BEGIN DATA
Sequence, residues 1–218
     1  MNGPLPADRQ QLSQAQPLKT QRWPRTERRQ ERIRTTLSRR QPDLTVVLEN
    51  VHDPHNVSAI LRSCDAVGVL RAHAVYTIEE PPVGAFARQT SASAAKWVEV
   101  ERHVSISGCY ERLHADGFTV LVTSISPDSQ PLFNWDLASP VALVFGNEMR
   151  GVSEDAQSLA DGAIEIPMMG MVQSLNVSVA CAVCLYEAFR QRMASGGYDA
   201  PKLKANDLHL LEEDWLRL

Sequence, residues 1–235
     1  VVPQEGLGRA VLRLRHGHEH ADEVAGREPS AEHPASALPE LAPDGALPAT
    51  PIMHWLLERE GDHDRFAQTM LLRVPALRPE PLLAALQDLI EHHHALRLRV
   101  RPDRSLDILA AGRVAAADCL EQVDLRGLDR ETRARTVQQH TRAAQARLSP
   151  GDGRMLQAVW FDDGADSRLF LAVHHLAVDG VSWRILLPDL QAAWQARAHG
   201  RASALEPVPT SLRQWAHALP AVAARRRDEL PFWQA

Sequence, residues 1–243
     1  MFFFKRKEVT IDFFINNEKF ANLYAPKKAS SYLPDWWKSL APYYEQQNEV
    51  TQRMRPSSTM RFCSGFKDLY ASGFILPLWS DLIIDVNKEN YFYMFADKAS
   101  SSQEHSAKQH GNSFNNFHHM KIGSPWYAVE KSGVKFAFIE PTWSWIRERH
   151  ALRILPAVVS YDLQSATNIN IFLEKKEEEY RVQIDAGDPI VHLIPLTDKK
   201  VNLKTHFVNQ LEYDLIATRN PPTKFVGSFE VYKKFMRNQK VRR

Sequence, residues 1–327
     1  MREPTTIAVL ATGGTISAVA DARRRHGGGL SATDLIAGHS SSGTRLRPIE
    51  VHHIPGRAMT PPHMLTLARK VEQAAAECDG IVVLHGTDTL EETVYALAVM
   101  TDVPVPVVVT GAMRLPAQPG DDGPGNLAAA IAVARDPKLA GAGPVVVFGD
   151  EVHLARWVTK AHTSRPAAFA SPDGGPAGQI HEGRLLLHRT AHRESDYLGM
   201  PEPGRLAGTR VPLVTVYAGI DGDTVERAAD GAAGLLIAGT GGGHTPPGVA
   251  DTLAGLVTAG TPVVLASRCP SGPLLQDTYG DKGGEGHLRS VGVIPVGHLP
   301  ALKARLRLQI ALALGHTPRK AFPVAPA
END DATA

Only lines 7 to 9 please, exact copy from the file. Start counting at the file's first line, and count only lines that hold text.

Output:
Sequence, residues 1–235
     1  VVPQEGLGRA VLRLRHGHEH ADEVAGREPS AEHPASALPE LAPDGALPAT
    51  PIMHWLLERE GDHDRFAQTM LLRVPALRPE PLLAALQDLI EHHHALRLRV